Attending college can be intimidating for anyone, but it could be even more so for someone who has not stepped foot on a campus for years.
Today, more and more adults are heading to college, either for the first time to pursue their bachelor’s degree or for a second or third time to earn their master’s or doctoral degree. In fact, 39 percent of students enrolled in a degree-granting institution in the fall of 2005 were aged 25 years or older, according to the U.S. Department of Education’s National Center for Education Statistics.
Despite this growing number, adult learners might still feel a bit anxious as they prepare to return to the world of academia. To help ease this anxiety, here are some tips that can help adult learners head back to school.
Take care of your current responsibilities and develop a plan to fit school into the big picture. Unlike most of their younger counterparts, many adult learners find they have more to juggle when fitting school into their schedules. Often, they need to figure out how to coordinate their education around work and family. Adults returning to school should keep this in mind when enrolling. How many credits could they handle per semester? Would distance learning be a more viable and flexible option?
Remember that college can be intimidating for everyone. Many adults considering returning to school might feel awkward being surrounded by younger students. However, these more mature student should note that even their younger counterparts are probably just as nervous as they are… and perhaps even a bit intimidated by the thought of competing with a more mature and experienced student.
Become familiar with you academic surroundings. Knowing how to locate your next class can go a long way in helping your first day of college go smoothly. If attending a campus-based institution, take a tour of the campus and learn where important buildings and offices are located. If taking online courses, take the time to familiarize yourself with the various online resources offered by the institution. In addition, get to know your financial aid advisor, admissions counselor and academic counselor. Also, some schools might have staff who specialize in working with the nontraditional student.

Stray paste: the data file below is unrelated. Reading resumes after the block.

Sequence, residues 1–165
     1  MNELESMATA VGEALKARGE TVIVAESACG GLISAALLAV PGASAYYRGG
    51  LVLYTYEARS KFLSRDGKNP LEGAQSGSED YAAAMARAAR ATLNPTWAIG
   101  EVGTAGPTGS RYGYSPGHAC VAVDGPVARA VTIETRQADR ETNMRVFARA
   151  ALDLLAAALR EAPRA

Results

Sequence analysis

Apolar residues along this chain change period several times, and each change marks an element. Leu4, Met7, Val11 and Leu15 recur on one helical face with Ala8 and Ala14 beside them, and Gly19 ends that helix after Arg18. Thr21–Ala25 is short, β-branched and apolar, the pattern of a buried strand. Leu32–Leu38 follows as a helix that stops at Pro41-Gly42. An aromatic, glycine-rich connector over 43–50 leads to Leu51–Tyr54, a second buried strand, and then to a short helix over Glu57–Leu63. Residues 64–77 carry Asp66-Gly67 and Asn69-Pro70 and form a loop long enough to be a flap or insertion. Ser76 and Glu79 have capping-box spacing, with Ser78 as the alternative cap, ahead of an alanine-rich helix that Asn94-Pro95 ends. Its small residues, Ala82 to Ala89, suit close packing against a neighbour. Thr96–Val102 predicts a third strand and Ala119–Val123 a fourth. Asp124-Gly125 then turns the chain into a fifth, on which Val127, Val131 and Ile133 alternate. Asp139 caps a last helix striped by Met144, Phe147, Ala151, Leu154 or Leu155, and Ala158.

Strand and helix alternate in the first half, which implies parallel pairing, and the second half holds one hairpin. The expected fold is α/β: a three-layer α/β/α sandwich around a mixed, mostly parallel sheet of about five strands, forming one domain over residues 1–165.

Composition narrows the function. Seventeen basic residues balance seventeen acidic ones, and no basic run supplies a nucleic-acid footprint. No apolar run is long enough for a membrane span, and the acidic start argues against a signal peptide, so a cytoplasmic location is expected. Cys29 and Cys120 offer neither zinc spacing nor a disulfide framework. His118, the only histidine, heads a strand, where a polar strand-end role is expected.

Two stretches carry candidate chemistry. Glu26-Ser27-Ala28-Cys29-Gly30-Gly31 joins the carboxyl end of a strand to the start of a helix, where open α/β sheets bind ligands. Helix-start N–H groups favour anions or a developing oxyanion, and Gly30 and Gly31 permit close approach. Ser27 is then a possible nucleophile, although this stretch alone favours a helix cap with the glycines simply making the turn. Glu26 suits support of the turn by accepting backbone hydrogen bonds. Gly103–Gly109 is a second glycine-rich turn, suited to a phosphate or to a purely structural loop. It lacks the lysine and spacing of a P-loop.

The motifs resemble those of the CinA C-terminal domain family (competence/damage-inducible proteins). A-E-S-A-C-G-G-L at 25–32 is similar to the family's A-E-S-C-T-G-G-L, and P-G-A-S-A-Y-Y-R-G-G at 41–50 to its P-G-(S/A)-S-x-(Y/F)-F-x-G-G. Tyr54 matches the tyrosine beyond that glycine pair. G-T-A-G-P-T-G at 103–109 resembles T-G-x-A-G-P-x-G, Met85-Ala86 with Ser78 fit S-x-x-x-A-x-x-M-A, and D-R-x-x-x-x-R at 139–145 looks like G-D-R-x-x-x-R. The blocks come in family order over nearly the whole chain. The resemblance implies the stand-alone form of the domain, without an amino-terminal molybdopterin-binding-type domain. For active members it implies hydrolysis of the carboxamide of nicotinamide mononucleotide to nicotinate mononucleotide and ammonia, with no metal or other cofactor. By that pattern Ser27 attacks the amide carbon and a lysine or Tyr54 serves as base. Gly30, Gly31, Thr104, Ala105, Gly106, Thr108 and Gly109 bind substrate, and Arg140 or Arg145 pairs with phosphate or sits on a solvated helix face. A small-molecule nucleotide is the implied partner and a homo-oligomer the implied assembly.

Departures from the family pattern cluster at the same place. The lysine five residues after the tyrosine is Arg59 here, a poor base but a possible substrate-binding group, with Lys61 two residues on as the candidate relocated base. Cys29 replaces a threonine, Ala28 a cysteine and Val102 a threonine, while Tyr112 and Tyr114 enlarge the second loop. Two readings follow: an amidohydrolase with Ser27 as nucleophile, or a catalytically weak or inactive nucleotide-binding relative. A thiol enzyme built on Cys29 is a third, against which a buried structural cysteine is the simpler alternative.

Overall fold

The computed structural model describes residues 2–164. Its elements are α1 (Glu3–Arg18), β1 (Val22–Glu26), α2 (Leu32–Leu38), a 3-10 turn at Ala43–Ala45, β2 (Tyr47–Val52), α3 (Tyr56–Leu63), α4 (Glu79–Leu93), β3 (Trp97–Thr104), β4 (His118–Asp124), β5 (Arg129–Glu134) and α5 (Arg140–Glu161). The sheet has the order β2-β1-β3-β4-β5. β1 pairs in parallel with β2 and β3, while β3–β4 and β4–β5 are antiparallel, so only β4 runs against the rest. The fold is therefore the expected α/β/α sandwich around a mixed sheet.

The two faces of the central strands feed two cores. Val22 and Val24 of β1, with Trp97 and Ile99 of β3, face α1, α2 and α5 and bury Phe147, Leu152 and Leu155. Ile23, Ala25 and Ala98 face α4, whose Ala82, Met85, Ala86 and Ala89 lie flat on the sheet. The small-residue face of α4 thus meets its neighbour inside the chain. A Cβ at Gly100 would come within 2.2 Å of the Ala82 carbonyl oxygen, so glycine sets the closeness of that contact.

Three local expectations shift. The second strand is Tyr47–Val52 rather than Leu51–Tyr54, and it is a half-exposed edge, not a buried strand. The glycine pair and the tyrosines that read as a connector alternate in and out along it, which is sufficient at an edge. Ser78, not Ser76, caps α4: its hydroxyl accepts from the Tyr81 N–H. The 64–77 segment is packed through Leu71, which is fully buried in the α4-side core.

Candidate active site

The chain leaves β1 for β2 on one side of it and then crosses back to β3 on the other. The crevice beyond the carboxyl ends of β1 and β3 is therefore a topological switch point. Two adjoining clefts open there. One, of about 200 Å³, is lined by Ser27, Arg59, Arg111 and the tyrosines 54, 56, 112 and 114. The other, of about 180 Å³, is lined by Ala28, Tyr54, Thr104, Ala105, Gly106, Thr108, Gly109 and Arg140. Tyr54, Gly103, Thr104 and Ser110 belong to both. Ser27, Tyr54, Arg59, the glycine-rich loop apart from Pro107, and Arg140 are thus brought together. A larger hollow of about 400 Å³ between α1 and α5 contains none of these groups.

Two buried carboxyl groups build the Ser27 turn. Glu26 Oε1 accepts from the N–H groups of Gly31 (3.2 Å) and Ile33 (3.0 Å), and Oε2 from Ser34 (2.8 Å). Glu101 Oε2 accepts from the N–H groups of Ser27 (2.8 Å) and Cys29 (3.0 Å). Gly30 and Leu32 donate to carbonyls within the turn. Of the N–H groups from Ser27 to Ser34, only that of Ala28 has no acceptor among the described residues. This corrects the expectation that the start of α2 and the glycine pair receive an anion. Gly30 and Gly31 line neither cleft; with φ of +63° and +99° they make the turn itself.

Get creative with your study time to increase efficiency. Having to juggle work, school and home can be difficult. Adult students face the challenge of finding a way to fit studying into getting the kids to school and finishing that important proposal for work. While it is good to create a solid studying routine, especially if enrolled in an online program, finding hidden gaps of time to study also can be beneficial. How about reading that chapter while waiting for your child’s doctor’s appointment? Lunchtime at work can serve as a great opportunity to review your class notes.
Get college credit for your work experience. Many adult students might not realize that they could receive college credit for their prior work experience. The College-Level Examination Program, or CLEP, offers students the opportunity to get college credit by earning passing scores on special exams. Depending on the institution’s CLEP policy, scoring well on a CLEP exam could earn you three to 12 college credits. Adult students looking to take advantage of their work experience do need to be aware of any schools that offer “credits” simply for reviewing one’s resume. Such schools, often called diploma mills, are not viewed as valid institutions of higher education. While you can receive college credits for your experience, note that you’ll need to prove that experience by taking special tests.
Schooling is very important whether it be online or not, k-12 or college, younger or older, its all education and it all effects your knowledge the same way. Get your online education today and start learning as soon as posible.